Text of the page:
Marilyn Monroe once said, “All little girls should be told they are pretty, even if they aren’t.” While spoken with virtuous intent, this quotation no less begs the question: what defines pretty? Furthermore, who is in charge of deciding which little girls are told they are beautiful, and which are branded with the labels of plain, homely or outright unattractive? When did society become so utterly absorbed by the notion of attaining physical beauty, anyways?

A movement called NO Make-up October has been gaining presence in the world of Facebook over the past several weeks. This online public event currently has 143 people, including Trent University students, registered and attending. It is a Canada-wide, month long venture into the realm of criticizing and attacking head-on the unrealistic expectations that the media expresses about what it means to be beautiful. A short description of the group explains that: “Makeup is not a bad thing, but by choosing not to wear makeup for a month, our hope is to make people think about why they wear makeup and the EXPECTATIONS [that] they place on themselves and others.”

For many, going fresh faced for the entire month of October will be a challenge.

“Personally, this will be difficult for me and I’m not the only one,” an admin for the Facebook page recently wrote. “Even though this was my idea to start out with, it has opened my eyes to how low my own self-esteem is and how much I’ve allowed myself to let the media feed me crap about what I should look like.”

Women (and increasingly, men) of all ages are in danger of suffering from low self-esteem issues. Many are forced to deal with feelings of insecurity on a daily basis, directly related to how others judge their face and body shape. Printed in magazines, while surfing the internet, when watching television and while sitting in movie theaters, the media assumes its authority by advising females how to act, dress, talk, flirt and do their makeup. In our modern age of complete digital synchronization, these negative messages can be difficult to escape.

“Society needs to stop telling us inner beauty is important and then shoving pictures of photoshop[p]ed models down our throats,” posted one peeved source.

The enforced notions of what it means to be beautiful are neither age nor gender exclusive, but it is the minds of young women that are being assaulted with the most brutality. According to Canada’s pediatricians at caringforkids.cps.ca, more than 1/3 girls (about 33%) who are currently at a healthy weight are trying to diet. This startling high statistic is revealing of that fact that the celery stalk thin, pale, long legged model is an unrealistic image for many and an unhealthy goal for all. Often, women will turn to fad “miracle” diets as they seek control over their weight, but similar to makeup, the importance lies in why a girl might choose to change herself.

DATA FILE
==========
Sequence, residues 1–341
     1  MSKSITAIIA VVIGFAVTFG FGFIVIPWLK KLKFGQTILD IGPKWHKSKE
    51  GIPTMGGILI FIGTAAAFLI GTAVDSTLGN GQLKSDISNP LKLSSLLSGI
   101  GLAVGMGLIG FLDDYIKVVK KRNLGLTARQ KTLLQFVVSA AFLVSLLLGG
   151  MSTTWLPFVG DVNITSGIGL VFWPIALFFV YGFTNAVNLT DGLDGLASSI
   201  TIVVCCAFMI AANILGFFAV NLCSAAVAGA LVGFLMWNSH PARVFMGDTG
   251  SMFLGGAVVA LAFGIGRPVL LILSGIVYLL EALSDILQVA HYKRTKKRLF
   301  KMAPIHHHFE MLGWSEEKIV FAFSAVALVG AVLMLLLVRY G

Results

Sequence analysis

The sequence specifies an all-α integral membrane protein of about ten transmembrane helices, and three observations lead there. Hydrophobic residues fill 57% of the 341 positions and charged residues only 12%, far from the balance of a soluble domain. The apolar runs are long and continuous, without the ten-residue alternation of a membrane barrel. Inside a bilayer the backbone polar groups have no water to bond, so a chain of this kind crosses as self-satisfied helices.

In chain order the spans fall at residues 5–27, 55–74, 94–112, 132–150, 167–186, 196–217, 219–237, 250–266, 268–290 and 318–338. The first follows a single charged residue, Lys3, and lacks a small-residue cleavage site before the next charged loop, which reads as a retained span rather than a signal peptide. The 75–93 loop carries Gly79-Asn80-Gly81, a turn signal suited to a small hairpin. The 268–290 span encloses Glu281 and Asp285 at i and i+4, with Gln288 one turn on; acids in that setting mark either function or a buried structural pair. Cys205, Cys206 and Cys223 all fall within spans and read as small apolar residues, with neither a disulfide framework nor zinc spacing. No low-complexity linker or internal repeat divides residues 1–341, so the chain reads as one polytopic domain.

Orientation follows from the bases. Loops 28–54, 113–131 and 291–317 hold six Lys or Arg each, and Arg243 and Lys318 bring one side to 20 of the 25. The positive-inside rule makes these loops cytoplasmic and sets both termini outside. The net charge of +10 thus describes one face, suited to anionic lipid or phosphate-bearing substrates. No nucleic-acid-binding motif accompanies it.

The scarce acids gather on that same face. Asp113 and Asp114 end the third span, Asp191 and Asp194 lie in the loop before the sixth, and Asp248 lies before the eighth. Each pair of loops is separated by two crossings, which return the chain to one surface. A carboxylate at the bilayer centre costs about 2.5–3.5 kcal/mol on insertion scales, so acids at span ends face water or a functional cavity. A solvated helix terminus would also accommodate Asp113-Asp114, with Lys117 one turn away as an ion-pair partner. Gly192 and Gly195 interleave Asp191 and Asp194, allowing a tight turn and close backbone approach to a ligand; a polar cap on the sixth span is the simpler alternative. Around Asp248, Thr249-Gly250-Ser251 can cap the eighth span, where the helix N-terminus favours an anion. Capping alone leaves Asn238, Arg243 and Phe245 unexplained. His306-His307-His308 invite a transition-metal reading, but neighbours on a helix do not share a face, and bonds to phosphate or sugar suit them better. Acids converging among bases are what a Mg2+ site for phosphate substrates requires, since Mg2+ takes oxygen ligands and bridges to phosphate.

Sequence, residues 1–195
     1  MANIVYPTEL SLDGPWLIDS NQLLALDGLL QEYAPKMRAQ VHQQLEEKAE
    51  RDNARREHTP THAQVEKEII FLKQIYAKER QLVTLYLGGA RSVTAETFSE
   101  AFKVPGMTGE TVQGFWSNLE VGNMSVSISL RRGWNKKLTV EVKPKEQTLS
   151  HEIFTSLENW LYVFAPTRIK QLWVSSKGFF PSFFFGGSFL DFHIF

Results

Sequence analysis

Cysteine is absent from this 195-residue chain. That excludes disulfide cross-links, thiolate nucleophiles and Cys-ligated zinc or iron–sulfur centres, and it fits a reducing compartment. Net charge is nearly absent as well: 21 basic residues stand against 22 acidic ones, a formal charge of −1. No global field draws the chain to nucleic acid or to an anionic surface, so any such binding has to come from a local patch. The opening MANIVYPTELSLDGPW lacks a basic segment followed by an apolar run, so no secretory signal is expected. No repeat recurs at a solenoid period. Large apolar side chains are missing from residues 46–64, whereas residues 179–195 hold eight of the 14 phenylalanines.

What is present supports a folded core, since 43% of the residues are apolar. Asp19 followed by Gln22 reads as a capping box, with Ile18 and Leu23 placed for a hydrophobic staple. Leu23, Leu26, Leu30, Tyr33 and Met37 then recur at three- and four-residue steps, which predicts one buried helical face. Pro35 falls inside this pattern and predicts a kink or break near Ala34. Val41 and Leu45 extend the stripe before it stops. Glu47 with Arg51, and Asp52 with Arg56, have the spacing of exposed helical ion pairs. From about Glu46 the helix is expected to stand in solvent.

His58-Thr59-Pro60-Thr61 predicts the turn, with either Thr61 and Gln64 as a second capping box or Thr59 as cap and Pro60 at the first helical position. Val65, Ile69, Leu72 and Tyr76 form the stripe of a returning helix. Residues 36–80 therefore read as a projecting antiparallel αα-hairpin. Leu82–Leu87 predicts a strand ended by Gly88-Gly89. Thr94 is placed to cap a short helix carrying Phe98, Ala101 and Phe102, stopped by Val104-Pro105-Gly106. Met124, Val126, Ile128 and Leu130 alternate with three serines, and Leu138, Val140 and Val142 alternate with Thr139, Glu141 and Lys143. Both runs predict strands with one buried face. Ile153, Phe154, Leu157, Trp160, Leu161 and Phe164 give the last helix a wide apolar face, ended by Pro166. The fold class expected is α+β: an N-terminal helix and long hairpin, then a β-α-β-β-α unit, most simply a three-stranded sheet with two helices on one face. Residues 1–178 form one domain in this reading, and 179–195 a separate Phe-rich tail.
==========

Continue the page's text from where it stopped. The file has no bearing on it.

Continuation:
Janessa Leighton, a Trent University student and regular YouTube tutorial contributor, added her thoughts to the discussion.

“I kind of feel a bit naked without makeup just because I do wear it every day. With makeup, I feel more confident because my favourite features are enhanced. Personally, I wear makeup because I like the confidence boost it gives me, and I also think it’s really fun to do. It’s almost an art form and you have to be creative with it like painting and other types of art forms. By doing NO Make-up October, I just want to show other girls out there that makeup isn’t everything.”

The idea that we as a society have collectively chosen to value a falsified version of beauty over the integrity of a person’s true character is upsetting, to say the least. NO Make-up October is proof that we—not the media—hold the power to inspire young girls to blossom into intelligent, confident women who meet no ones definition of beauty besides their own.

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Jen is a third year Indigenous Studies and English undergrad, and has been writing for Arthur since 2012. She has written dramatic pieces performed in Nozem theatre for Anishinaabe Maanjiidwin, been published in small alternative magazines, and is currently developing a book of self-positivity poetry in partnership with local Peterborough youth. In addition to spending her time writing essays, short stories, and articles, Jen can also be found devouring sushi at local restaurants downtown or sipping one too many cups of coffee by the river.